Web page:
Who gets the first doses, where antibody drug tests stand & how Americans feel — 8 updates on the COVID-19 vaccine


Companies are making progress on developing a COVID-19 vaccine, and experts are thinking about how it will be distributed among the population.

Here are eight updates on the COVID-19 vaccine and antibody drug tests:

AstraZeneca expects COVID-19 vaccine results this year, the company said Nov. 5. Late-stage trials could produce results this year, with distribution coming shortly after. Timing of the results depends on community infection rates worldwide.

The first COVID-19 vaccine doses are expected to go to healthcare workers, according to the CDC. The decision is based on the science of what will end the pandemic the quickest. The vaccine will go to those interacting with patients as well as anyone who works in hospitals, such as food delivery people and maintenance people.

Pfizer's interim analysis of its COVID-19 vaccine trial found the candidate can prevent more than 90 percent of infections, according to a Nov. 9 announcement. The vaccine is more effective than experts anticipated; the FDA requires 50 percent efficacy to be cleared for use.

Six in 10 Americans said they would receive a COVID-19 vaccine if the infection risk would be lowered by half, according to a survey from and The Harris Poll. The poll surveyed 1,954 adults and found 56 percent of respondents between ages 18-34 would be likely to get the vaccine. However, 64 percent of them said they would take the vaccine if it reduced infection risk by 75 percent.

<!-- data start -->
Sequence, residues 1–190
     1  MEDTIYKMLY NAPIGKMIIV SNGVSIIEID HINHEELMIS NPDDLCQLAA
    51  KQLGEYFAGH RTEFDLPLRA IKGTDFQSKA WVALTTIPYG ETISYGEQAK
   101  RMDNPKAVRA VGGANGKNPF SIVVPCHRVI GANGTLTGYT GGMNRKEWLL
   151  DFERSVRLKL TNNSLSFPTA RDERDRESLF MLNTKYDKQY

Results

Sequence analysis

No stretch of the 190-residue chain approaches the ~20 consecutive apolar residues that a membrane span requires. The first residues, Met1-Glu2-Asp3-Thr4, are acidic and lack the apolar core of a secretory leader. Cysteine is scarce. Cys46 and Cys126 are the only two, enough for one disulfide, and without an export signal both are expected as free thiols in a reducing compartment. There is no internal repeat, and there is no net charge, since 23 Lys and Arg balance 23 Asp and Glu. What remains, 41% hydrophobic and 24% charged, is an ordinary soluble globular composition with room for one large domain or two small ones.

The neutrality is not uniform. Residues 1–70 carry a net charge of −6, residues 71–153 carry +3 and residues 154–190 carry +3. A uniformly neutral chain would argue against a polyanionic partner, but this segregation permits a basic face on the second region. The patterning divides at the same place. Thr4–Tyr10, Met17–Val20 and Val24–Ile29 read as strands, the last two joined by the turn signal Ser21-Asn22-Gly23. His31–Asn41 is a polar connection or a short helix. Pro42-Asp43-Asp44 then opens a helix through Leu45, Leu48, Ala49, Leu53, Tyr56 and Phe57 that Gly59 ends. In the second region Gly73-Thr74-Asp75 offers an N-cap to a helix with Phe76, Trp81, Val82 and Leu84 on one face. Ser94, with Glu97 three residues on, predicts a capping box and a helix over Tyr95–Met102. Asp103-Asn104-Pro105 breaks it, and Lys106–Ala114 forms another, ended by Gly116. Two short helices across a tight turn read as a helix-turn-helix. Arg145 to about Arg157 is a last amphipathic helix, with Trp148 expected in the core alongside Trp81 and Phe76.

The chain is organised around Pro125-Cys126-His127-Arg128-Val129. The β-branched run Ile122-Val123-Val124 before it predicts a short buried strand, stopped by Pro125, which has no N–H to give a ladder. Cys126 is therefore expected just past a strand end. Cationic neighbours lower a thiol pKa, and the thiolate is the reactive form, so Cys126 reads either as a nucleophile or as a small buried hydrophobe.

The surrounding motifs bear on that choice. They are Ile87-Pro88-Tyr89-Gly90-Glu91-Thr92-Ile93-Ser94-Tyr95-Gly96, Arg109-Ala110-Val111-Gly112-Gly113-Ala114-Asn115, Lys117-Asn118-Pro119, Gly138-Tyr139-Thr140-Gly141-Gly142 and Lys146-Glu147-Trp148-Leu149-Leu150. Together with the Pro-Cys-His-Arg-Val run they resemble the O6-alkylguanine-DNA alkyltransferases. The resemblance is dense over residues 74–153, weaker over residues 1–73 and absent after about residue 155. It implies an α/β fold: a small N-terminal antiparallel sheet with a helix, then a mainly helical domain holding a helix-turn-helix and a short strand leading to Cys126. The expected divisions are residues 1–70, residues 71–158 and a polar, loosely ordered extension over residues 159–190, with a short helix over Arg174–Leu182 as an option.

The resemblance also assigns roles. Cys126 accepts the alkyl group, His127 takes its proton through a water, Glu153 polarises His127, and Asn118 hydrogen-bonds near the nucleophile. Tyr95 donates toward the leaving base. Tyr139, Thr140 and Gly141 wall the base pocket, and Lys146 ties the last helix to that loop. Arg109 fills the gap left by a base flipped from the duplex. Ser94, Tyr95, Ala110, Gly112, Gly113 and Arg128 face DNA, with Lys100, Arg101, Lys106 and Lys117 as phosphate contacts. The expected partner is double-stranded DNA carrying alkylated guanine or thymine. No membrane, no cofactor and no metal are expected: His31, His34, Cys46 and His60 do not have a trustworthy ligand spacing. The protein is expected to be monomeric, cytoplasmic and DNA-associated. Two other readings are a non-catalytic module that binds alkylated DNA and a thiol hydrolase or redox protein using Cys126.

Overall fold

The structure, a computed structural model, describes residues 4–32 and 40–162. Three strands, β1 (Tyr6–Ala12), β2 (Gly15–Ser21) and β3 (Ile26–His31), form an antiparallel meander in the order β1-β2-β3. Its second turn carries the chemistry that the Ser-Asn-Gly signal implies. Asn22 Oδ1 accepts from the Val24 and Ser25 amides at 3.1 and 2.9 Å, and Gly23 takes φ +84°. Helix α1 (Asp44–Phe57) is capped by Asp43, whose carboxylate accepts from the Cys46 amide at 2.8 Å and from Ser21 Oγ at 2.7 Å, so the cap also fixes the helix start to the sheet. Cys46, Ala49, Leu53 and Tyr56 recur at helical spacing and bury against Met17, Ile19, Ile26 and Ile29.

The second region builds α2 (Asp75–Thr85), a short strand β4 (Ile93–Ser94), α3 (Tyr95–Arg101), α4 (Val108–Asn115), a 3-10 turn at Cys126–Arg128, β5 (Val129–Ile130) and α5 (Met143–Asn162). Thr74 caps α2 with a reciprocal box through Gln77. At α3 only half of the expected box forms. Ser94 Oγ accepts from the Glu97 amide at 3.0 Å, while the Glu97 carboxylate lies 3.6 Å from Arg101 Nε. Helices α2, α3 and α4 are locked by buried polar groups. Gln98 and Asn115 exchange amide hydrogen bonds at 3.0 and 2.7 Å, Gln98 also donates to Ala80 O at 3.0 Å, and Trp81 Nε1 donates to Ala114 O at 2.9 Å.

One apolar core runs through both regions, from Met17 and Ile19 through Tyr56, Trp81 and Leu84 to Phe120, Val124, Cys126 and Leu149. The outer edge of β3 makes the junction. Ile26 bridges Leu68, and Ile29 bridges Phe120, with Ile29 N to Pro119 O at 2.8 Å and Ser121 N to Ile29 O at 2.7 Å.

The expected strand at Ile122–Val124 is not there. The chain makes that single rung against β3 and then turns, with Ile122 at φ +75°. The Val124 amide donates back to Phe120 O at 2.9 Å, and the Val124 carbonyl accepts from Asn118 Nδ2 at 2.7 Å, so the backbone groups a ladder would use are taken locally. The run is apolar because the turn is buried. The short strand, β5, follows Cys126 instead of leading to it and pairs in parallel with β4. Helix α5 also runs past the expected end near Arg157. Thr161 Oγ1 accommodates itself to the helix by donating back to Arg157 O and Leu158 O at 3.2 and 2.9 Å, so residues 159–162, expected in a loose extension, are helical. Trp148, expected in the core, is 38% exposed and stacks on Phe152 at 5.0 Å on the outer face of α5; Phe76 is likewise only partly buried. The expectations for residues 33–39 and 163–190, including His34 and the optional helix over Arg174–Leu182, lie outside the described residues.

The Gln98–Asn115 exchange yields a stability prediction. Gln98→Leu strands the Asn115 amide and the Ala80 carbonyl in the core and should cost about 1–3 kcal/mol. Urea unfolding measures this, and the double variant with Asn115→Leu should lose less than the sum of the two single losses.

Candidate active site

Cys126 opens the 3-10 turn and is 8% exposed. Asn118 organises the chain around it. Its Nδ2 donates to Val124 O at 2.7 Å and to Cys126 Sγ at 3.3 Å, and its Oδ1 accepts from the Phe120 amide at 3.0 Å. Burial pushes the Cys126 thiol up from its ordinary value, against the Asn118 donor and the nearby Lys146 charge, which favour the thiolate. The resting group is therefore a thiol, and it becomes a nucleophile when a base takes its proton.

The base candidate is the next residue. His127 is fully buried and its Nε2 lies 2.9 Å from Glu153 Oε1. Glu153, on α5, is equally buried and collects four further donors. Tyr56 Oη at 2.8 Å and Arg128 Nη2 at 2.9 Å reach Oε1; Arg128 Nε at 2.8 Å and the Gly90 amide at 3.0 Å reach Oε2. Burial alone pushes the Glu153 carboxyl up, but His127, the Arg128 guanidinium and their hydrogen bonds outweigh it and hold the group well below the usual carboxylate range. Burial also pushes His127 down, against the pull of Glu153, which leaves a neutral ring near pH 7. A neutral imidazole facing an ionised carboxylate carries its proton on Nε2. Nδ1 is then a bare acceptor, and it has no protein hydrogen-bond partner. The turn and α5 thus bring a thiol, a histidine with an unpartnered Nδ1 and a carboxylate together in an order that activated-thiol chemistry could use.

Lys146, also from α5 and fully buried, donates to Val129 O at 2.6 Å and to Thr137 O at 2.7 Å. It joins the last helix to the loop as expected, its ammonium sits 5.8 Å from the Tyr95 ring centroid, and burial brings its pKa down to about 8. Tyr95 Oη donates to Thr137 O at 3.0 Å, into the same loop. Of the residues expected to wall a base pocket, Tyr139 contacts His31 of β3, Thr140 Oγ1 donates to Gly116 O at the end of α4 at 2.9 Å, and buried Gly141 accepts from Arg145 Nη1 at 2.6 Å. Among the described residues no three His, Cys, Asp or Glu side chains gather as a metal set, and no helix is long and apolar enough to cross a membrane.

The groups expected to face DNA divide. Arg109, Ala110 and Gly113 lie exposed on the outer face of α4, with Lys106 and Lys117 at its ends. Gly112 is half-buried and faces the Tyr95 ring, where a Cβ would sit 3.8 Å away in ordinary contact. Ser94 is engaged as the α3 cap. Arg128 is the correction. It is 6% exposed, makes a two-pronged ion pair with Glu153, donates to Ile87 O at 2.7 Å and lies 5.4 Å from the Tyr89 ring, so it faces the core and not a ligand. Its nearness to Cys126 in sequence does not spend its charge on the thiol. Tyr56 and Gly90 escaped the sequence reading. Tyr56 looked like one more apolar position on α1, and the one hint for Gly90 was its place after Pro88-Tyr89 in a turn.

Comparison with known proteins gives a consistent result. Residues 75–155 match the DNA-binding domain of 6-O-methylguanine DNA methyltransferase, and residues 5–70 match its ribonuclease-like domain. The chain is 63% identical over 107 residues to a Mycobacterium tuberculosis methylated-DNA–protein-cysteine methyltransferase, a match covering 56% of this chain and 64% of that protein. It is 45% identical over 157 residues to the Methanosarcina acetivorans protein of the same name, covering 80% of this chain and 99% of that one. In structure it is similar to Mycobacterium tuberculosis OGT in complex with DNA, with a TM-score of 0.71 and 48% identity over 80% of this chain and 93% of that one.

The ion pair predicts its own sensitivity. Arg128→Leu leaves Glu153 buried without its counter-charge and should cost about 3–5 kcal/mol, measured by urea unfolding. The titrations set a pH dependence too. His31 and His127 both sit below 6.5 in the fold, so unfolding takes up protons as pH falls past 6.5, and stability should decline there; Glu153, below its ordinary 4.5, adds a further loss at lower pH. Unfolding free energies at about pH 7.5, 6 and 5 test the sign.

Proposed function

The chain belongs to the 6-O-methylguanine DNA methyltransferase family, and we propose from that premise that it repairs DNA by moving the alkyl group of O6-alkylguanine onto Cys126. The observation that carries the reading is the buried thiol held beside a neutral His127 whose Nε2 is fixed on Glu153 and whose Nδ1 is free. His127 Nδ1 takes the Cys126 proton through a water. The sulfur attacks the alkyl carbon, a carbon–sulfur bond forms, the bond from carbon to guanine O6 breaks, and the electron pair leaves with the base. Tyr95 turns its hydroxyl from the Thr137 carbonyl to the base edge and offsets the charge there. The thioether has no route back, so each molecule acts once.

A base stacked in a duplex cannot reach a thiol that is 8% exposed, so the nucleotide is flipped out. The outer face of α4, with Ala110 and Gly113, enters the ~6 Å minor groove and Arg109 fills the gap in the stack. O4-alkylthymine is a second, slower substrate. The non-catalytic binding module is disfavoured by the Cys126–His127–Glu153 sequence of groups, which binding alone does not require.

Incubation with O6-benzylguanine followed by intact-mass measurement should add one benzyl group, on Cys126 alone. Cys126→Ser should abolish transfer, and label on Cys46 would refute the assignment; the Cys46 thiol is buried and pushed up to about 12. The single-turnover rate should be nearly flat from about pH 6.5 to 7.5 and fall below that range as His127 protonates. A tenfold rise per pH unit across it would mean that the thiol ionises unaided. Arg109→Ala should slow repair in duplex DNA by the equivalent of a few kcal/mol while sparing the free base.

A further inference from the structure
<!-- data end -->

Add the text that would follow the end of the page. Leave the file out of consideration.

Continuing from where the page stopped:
Eli Lilly's COVID-19 antibody drug test got emergency FDA approval, according to a Nov. 9 announcement. The drug, called bamlanivimab, was authorized for use in COVID-19 patients with mild to moderate disease. It's authorized for patients 12 years and older, along with populations at high risk of progressing to severe COVID-19.

CMS detailed payment distribution plans for antibody drugs for COVID-19, a spokesperson said. Initial doses of the drug purchased by the government would be allocated to hospitals at no cost. Medicare would pay for the costs of drug administration for beneficiaries. HHS will use the same method to distribute antibody drugs as it did for remdesivir.

Some Operation Warp Speed third-party contracts lack consumer protections, according to documents shared by HHS. Contracts include the program's $1 billion agreement with Johnson & Johnson to buy 100 million doses of its experimental COVID-19 vaccine. However, it doesn't have customary protections against price-gouging.

The Novartis arthritis drug failed to benefit COVID-19 patients, the drugmaker said Nov. 6. The drug, called Ilaris, didn't improve survival rates or affect the death rate of COVID-19 patients. However, the company said the finding helped improve scientific understanding of COVID-19 and the role of similar drugs.

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